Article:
I’ve had several strong reactions lately to all sorts of news. The #metoo campaign and seemingly never-ending apologies coming from men makes me sad. The dwindling relationship with North Korea has me scared and starting to stock up on water. And the lack of respectable leadership coming from our political parties (all of them) makes me downright disgusted.
But, recently, I got really mad. I was told, off the record, about a nonprofit that had signed a contract for over $50K with a small firm to organize a fundraising event. Eight months after the contract was signed – and 9 weeks before the actual event – the contractor had not done a thing. Nothing. The organization had picked the date, but the contractor had not identified a venue, or caterers or sponsors…. or anything. The organization terminated the contract, but was unable to recoup any of its money. It had made the awful mistake of paying for the contract up front, which was probably the reason why the contractor had no motivation to do any additional work.
The Executive Director and staff managed to pull off a successful event. The room was filled with VIPs and the organization netted a surplus – not a substantial one, but a surplus nevertheless. The Executive Director exudes charisma. She could charm the skin off a snake. She is well respected. And thus, no one is going to ask her about unfilled contracts. No one will press her to inquire why she didn’t consider pursuing legal actions. (I was told that she didn’t want to even bother with wasting the energy on potential litigation, so she just let it go.)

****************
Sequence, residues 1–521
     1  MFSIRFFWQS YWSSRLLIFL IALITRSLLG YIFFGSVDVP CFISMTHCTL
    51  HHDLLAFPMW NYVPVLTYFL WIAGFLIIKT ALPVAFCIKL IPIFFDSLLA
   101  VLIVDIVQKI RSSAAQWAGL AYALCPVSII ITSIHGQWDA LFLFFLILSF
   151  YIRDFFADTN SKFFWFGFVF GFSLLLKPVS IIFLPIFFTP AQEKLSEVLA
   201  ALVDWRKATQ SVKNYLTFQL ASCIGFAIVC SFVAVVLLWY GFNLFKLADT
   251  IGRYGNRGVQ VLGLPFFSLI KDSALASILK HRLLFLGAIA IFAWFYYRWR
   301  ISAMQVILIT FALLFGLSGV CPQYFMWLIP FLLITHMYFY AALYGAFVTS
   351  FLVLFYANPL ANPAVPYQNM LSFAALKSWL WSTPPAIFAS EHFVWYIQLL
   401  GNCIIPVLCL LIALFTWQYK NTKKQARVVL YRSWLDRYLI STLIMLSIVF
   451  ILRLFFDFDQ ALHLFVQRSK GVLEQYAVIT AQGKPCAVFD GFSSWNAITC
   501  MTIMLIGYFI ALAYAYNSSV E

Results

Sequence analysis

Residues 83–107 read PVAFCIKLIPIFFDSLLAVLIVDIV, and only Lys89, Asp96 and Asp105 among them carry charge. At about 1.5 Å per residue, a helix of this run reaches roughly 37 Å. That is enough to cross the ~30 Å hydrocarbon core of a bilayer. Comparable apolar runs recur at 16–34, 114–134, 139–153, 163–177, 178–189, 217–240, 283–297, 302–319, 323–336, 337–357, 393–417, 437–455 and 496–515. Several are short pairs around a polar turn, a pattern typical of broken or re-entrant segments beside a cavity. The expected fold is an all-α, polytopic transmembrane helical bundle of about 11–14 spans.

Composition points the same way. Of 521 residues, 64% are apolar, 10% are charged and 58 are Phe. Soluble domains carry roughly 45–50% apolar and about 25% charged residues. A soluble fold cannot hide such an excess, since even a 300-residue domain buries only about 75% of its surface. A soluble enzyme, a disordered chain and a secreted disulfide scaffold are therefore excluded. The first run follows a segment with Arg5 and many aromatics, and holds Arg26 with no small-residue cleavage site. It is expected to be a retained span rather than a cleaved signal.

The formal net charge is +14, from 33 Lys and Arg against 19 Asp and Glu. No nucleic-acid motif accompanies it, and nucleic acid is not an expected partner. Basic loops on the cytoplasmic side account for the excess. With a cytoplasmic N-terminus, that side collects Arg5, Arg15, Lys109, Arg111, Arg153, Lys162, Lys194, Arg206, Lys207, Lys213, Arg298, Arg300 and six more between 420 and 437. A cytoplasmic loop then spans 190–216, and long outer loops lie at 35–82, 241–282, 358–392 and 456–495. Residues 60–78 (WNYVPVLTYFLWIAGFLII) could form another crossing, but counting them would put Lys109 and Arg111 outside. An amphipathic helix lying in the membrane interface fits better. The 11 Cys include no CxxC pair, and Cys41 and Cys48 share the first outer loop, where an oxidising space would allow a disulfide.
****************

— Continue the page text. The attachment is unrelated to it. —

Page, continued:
This is the kind of thing about the nonprofit sector that drives me crazy and makes me mad. Despite the fact that it’s unlikely that anyone will know the truth, the organization knowingly threw away over $50K that could have gone towards supporting the community. It could have done some good. Instead, it benefited some contractors that did nothing to further the organization’s cause. This is one of the myriad of reasons why the nonprofit sector gets a bad rap. This is why we hear that “a nonprofit should be run like a business” – because no company in the private sector would ever have paid for the full contract up front.
Nonprofits need to be good stewards of their funds and make smart decisions. All it takes is one nonprofit to squander trust and ruin opportunities for other organizations. And the people who suffer are the ones in need of critical services. Don’t be that organization.